Biking Across Kansas camped in Spearville at the end of the second day of its southwest to northeast ride.

Over a period of hours the "City of Windmills" became the "City of Sprockets" as the population of Spearville doubled with the arrival of Biking Across Kansas riders and supporters, Sunday.

The convoy of 800 or more cyclists snaked northeast through Dodge City, a constant stream of brightly colored reflective clothing on all types of bikes, riders of all ages, all going at their own pace. Some stopped for lunch or to take in the ongoing street fair downtown before continuing east toward Spearville.

Outside Wright the rally set up a roadside support and gear hub, staffed by the "SAG hags" that dress up the tailgate rest stop with costumes and encouragement.

"When you've been on the road for a while it's a sight for sore eyes," Marqueeta Seagraves said while taking a walk to loosen muscles outside the Windmill Restaurant.

Seagraves is from Edmond, Okla, and is completing her third Biking Across Kansas cross-state rally this year alongside her husband, Jack, and son, James. The two parents switch off driving their support truck, but 26-year-old James insists on making the whole trip from the saddle, she said.

What draws them to Kansas away from the Oklahoma-equivalent? The roads. And Biking Across Kansas, which has been held annually since 1975, is incredibly well organized, she said. The cross-Kansas rally was also the first vacation she and her husband took after emptying the nest, now it has become a post-college family bonding opportunity. The community and the shared sense of accomplishment bring them back.

"If you don't know anyone at the beginning" of the 555 mile trek, Seagraves said, "you will know plenty of people by the end. What develops in this community draws you closer."

Riders set bikes alongside Kelly's Corner Grocery, where early arrivals wiped the story out of single-serving chocolate milk bottles, a preferred post-ride rejuvenator; the Windmill Restaurant which kept long hours to accommodate the crowd; and at a beer garden next to the Knight of Columbus where riders could get a beer, a burger and a slice of pie.

For as many riders, there are as many reasons to ride. One rider, Seagraves said, might have fibbed about her age last year when she said she was 80. This year she revealed she's 92, and back in the saddle every morning.

Bryan Griffon of Wichita was told by his doctor he should only do half the trip, he said, coming so soon off of abdominal surgery.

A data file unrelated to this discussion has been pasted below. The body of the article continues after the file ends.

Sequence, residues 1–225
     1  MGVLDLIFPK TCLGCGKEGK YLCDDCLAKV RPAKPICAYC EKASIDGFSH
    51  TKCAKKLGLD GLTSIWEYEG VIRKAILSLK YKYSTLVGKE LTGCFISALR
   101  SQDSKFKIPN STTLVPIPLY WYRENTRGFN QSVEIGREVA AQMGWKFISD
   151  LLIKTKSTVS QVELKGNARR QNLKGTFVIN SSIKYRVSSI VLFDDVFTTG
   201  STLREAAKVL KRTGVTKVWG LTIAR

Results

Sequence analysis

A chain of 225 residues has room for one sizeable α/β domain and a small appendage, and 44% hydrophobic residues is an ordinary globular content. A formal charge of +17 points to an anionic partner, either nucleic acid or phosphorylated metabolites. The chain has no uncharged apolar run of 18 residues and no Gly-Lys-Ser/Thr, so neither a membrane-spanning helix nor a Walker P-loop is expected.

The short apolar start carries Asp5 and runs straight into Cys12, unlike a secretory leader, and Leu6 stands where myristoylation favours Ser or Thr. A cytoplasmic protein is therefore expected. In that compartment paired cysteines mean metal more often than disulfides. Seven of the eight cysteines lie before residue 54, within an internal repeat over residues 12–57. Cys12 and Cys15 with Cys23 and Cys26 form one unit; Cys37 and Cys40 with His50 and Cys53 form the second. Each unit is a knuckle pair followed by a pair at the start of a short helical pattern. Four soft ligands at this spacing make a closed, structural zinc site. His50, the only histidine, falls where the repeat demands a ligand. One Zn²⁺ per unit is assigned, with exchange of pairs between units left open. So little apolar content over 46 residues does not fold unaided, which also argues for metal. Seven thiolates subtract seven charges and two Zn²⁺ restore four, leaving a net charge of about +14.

"If I'm going to do half, I have to do the whole thing," he said. For diehards, Biking Across Kansas is a relatively easy trip, externalities aside. In most years, Griffon puts between 3,000 and 4,000 miles in the saddle, a transcontinental equivalent on the low end. With the recovery he's averaging about 15 miles per hour, he said, down five to 10 from his typical average.

On the early start day riders put in 18 miles from the Colorado state line to Elkhart. The next day was 62 miles to Satanta, then 78 to Spearville.

"By the time I do 88 (miles) on Wednesday, I'll be up to par," Griffon said.

For 15 years Griffon wanted to partake in Biking Across Kansas, but as an advocate for epilepsy research and understanding, he typically used his vacation time to travel the country speaking about the illness.

Brain surgery and better meds made distance biking safer for him, and recession-era cuts to country-crossing speakers freed up his vacation time. There's no other way he'd rather spend that time than on the bike, seeing the welcoming small towns the rally passes through.

Through Sunday night, the weather had held out. Saturday night's rains cooled the air and the temperatures didn't much break 80 degrees on their trip from Satanta. Storms loomed, and later that evening the tent city at Spearville High School's football field got soaked.

Though whirling wet weather across the state forced some riders to call it a day near Pawnee Rock, Monday, on the way to Ellinwood, SAG crews were there with trailers and transport. Better weather, today, they said, then on to Salina where participants of rallies past will meet up with the traveling chain-link community.